For those who menstruate, you know that your period is a monthly occurrence that lasts for 3-7 days. Your menstrual period occurs as a part of a longer female hormonal cycle called the menstrual cycle, which typically occurs over 28 days.
Your cycle is broken down into phases, and across these phases, your hormone levels change to prepare your body for the development and release of an egg, at which point you either become pregnant or if not, have your period.
At certain points throughout the cycle, these changes in hormones can make you more insulin resistant, and affect your glucose response. We’re going to walk you through the phases of your cycle, the hormonal changes that come with each phase, what impact you can effect these hormones to have on your insulin and glucose response, and what to do about it.
Phases of the menstrual cycle — and the hormones involved
There are four main hormones that drive your menstrual cycle: follicle-stimulating hormone (FSH), estrogen, luteinizing hormone, and progesterone .
The levels of FSH, estrogen, luteinizing hormone, and progesterone rise and fall depending on the phase in your cycle, which can be connected to insulin resistance and elevated glucose levels at certain points throughout the month.
These hormones ebb and flow throughout the phases of the menstrual cycle. Your cycle has four phases, some of which overlap.
- Menstruation phase: This is the first 5-7 days of your period. Estrogen, progesterone, FSH, and luteinizing hormone are low.
- Follicular phase: This phase starts on the first day of your period (overlapping with the menstruation phase) and goes until about midway through your cycle. During this time, estrogen levels rise as the body prepares eggs for release.
- Ovulation phase: This is when the egg is released from the ovary and moves through the fallopian tube to the uterus. This occurs around the 13-16th day of the cycle. Here, luteinizing and FSH are high, estrogen is low, and progesterone is rising 
- Luteal phase: This is the time right before your period when the uterine walls are thickening for the possibility of pregnancy if the egg is fertilized. In this phase, progesterone and estrogen are high, with progesterone at its peak. FSH and luteinizing hormones are low.
FSH, luteinizing hormone, estrogen, and progesterone are all essential to the phases of the cycle, but it is progesterone, estrogen, and the ratio of the two hormones that seem to have the most effect on glucose levels and insulin sensitivity.
The hormones involved in your menstrual cycle — particularly estrogen and progesterone — can have an effect on your insulin sensitivity and glucose levels.
Can your period affect your blood sugar? Insulin sensitivity during menstruation
The luteal phase, or the “PMS” phase, is the phase where women may experience the most noticeable changes in blood sugar and insulin levels — especially women who experience strong PMS symptoms [3, 4].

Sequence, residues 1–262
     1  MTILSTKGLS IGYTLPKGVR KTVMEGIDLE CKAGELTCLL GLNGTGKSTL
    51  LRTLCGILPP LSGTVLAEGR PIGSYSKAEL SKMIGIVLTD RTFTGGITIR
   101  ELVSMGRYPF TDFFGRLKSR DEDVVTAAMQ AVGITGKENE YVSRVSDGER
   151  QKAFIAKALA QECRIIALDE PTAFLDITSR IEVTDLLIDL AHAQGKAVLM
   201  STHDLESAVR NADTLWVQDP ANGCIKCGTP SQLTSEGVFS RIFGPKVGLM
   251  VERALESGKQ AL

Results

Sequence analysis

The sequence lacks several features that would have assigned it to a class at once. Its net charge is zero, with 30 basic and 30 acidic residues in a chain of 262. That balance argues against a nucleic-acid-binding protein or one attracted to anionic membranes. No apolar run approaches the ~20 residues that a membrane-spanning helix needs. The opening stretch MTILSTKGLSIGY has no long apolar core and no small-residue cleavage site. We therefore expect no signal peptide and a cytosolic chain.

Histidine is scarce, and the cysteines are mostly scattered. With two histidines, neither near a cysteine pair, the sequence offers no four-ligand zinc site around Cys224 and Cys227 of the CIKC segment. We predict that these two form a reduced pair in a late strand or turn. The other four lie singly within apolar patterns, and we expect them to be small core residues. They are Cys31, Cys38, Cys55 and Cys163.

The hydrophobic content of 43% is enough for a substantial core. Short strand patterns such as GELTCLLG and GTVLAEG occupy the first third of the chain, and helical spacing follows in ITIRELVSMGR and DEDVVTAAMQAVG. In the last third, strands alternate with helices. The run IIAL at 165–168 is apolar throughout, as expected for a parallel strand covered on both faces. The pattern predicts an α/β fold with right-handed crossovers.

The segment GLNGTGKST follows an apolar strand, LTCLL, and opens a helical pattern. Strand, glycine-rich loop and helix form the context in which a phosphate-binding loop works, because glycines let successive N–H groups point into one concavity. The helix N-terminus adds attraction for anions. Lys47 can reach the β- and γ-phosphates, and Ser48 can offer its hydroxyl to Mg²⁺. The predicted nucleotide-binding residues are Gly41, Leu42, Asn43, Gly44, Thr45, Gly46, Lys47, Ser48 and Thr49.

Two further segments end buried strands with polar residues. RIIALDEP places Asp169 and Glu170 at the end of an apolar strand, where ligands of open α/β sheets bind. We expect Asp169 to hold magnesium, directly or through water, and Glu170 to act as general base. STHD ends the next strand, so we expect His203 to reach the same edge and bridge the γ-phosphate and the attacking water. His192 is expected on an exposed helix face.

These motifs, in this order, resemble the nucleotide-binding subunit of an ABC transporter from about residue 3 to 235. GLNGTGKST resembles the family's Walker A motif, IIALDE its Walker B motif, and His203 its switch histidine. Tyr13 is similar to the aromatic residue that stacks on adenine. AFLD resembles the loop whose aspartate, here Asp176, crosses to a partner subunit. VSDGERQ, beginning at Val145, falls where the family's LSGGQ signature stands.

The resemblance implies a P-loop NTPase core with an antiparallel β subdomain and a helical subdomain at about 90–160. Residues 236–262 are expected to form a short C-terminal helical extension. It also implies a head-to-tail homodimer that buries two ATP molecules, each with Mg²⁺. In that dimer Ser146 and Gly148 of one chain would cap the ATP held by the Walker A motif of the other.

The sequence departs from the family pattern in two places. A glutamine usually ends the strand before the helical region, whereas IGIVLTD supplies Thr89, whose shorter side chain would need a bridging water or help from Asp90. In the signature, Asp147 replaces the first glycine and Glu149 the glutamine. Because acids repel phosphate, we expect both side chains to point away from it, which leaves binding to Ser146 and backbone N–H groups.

During the luteal phase, when progesterone is at its highest and estrogen is high as well, research shows that women experience higher levels of circulating insulin, which is indicative of temporary insulin resistance during this phase .
Progesterone promotes the storage of glycogen in the liver, which is key for supporting pregnancy . However, if you do not become pregnant during ovulation, this increase in progesterone will increase insulin resistance temporarily .
Estrogen, on the other hand, has been associated with improved insulin sensitivity and glucose in both animal and human studies [7, 8]. This suggests that the end of the follicular phase (second phase of the cycle) may be when you are most insulin sensitive, since estrogen levels are at their peak, and progesterone levels are low.
But what happens during the luteal phase, when both progesterone and estrogen are high? Scientists have found that higher levels of progesterone override the insulin-sensitizing effects of estrogen during this phase specifically.
What to do with this information
The luteal phase is when you may experience insulin resistance and elevated glucose. If you are concerned about blood glucose levels, try to avoid high-carb/high-sugar foods during this time, as they may have more of an impact on your blood sugar and insulin levels. You can also try some blood glucose hacks during this time for better glucose management.
That said, this phase is a normal part of your body’s physiology and the insulin resistance is temporary. It’s most important that you listen to your body and nourish yourself sufficiently with whole foods, adequate calories, and rest as needed.
Understanding the phases and hormonal fluctuations of your menstrual cycle can help you better understand blood glucose trends. Here are a few things to remember as you navigate your glucose management throughout your menstrual cycle:
- Your menstrual cycle goes through four phases: menstrual, follicular, ovulatory, and luteal.
- Progesterone and estrogen levels change throughout these phases and affect insulin sensitivity and blood glucose levels. The luteal phase when progesterone is highest is when you are most insulin resistant and may see higher glucose levels. The follicular phase, on the other hand, is when you are most insulin sensitive, due to high levels of estrogen and low levels of progesterone.
- During the luteal phase, focus on getting enough sleep, doing low-intensity exercise, and eating whole, colorful foods for better glucose management. Listening to your body is important during this phase, so take that extra rest if you need it — your body uses a lot of energy to prepare for menstruation.
- Monitor your blood glucose with a CGM to better understand your glucose trends throughout your cycle and better manage your health and self-care throughout.